A Peek into Dharavi Slum

During my trip to Mumbai in February 2015, I was fortunate to learn about the Dharavi Slum through Reality Tours which funds an NGO called Reality Gives. The Dharavi Slum is the biggest slum in Asia with an estimated population between 700,000 to around one million and most famously known in “Slumdog Millionaire”.

Plastic drying on a rooftop

The reason I decided to take a tour through Dharavi was to become educated and understand the whole concept of a slum. There are many misconceptions of a slum and I wanted to break down the stereotype and somewhat educate people about the life in Dharavi. A slum is not just a place that houses thousands of underprivileged people but it is also a booming commercial area which includes the plastic, pottery, leather and embroidered garments industry. It is the most productive slum in the world and it is a billion dollar industry with many business generating millions of dollars in income. Within Dharavi Slum it’s like any community with schools, banks, shops, hospital, restaurants and a farmer market. The Dharavi Slum is divided between into industrial and residential area plus a Muslim and Hindu area due to conflict from the past.

Walking through Dharavi the locals go about their daily life with the occasional stare. I witness a man selling fairy floss to children and men going about their work on the main road. Walking through the industrial area the men were physically hard at work, we stop by the aluminum factory where men were exposed to the dangerous by-products of burning aluminum. Health factor is a serious concern but unfortunately for these people, it is a way they make a living. Nevertheless, we should feel so privilege for our safe working conditions where most of us take it for granted. Walking through the narrow alleyways with open sewages scattered around, I saw children chasing each other and laughing. Hearing the children laugh made me smile and I got to enjoy the moment of observing these children being children, with no worries in the world.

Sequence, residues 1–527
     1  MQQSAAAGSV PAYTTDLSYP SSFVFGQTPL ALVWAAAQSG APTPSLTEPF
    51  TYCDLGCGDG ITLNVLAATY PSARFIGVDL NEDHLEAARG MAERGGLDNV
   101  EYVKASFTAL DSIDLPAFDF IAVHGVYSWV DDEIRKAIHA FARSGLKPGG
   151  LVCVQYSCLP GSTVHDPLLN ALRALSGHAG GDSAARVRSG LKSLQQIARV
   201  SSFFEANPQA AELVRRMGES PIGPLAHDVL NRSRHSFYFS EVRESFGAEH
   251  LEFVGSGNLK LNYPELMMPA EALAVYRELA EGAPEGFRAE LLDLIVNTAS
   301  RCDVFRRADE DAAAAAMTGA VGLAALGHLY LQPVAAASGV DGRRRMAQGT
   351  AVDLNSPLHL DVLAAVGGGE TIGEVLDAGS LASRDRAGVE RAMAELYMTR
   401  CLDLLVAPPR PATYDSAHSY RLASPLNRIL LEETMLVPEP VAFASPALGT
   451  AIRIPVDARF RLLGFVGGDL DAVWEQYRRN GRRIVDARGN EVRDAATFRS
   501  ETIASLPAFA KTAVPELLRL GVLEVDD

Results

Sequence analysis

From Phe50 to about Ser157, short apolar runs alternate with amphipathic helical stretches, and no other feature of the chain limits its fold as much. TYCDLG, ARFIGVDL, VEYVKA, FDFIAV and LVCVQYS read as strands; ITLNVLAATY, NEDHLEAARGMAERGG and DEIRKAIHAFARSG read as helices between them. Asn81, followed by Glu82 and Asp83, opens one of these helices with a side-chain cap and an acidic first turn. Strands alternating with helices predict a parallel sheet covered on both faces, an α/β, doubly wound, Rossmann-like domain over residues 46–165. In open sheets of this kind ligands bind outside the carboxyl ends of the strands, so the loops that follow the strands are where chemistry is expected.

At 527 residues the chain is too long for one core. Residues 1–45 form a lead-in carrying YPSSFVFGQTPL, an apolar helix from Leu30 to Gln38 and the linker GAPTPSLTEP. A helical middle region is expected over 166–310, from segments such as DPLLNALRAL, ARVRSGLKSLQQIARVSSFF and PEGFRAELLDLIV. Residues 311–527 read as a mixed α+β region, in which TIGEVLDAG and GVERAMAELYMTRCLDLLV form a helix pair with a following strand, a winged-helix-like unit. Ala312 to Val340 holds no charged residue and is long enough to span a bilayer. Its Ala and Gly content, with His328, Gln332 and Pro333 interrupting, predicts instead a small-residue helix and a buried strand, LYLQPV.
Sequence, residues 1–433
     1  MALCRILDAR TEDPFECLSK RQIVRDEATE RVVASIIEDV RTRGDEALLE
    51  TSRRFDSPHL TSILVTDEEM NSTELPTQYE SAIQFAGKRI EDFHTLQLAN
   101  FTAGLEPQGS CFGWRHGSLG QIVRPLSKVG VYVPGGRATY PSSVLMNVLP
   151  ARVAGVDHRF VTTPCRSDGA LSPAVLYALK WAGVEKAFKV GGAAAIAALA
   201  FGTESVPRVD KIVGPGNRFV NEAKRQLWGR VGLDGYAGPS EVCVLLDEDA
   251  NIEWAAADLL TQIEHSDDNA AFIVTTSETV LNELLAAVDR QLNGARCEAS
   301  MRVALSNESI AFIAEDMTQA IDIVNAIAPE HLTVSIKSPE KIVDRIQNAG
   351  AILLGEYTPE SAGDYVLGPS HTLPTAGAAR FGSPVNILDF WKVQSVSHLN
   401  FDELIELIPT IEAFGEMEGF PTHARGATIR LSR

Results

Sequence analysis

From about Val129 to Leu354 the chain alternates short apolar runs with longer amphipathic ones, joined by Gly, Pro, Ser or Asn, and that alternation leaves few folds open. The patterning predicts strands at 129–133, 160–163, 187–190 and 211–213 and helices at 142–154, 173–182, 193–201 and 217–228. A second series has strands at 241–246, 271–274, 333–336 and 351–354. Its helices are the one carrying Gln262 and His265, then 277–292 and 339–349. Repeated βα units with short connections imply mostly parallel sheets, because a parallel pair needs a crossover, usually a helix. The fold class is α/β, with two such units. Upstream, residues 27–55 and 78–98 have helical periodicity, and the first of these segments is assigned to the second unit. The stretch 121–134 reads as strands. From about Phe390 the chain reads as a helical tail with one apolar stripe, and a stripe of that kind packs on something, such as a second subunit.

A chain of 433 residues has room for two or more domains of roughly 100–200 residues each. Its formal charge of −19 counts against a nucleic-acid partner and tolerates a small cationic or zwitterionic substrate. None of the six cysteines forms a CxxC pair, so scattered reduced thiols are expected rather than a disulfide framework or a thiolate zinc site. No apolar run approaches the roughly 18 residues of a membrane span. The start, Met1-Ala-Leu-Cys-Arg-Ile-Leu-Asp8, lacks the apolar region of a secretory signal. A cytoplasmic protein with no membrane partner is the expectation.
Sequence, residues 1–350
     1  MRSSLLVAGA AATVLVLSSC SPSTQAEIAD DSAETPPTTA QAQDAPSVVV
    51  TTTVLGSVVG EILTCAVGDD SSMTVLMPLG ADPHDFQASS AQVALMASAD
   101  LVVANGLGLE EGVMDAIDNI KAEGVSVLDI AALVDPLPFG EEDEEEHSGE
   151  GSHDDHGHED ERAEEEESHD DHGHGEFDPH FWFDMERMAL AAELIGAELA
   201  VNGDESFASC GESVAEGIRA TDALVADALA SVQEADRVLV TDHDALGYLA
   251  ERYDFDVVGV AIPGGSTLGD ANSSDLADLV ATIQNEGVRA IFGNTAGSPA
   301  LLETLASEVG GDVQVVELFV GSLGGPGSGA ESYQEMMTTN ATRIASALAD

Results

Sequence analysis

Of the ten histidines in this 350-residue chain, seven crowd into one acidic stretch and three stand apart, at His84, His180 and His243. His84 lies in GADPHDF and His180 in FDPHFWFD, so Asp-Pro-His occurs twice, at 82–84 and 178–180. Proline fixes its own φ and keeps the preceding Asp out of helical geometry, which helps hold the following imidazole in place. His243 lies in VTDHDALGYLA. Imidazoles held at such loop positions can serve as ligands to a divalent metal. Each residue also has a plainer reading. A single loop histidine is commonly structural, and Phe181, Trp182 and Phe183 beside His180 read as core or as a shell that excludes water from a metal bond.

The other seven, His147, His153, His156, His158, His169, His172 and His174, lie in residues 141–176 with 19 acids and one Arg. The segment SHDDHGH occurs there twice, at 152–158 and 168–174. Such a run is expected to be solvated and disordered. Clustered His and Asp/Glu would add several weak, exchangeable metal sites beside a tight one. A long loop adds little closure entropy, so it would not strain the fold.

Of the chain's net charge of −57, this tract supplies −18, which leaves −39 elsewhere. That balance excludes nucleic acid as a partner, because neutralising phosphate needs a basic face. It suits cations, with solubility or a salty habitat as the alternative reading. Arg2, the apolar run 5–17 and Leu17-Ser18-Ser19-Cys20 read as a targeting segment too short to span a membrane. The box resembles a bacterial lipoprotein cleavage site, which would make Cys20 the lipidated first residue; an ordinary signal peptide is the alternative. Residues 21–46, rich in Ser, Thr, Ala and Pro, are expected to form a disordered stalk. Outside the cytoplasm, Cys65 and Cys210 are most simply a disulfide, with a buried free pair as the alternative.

Going across to the resident area I observe a woman making bread while watching their children play cricket intensely. Walking down another street, I saw children sitting on the front of their houses doing their school homework or chatting enthusiastically. Nevertheless walking down the alleyways and streets I can’t help but notice how the children seem to be happy and smiling at us and trying to start a conversation. It might be due to us being foreigners walking around in their community and being extremely curious or are these children genially happy? Nevertheless walking through Dharavi has been an eye opener and I do question myself why did I become so lucky in life and why not others? Throughout the tour I kept asking myself how can I make an impact on these peoples and how can awareness be shared around? In retrospect to life be thankful for what you have because it can always be worse.

Till next time, -M

*Due to the tour rules of no photographs and videos in respect of the people in Dharavi and with the permission from Reality Tours, they have kindly provided photos for this blog.

Residential area



Cardboard recycling


Dying plastic
Can recycling
Industrial area


Plastic recycling
Narrow alleyways


The Reality Gives Youth Empowerment Program (YEP)


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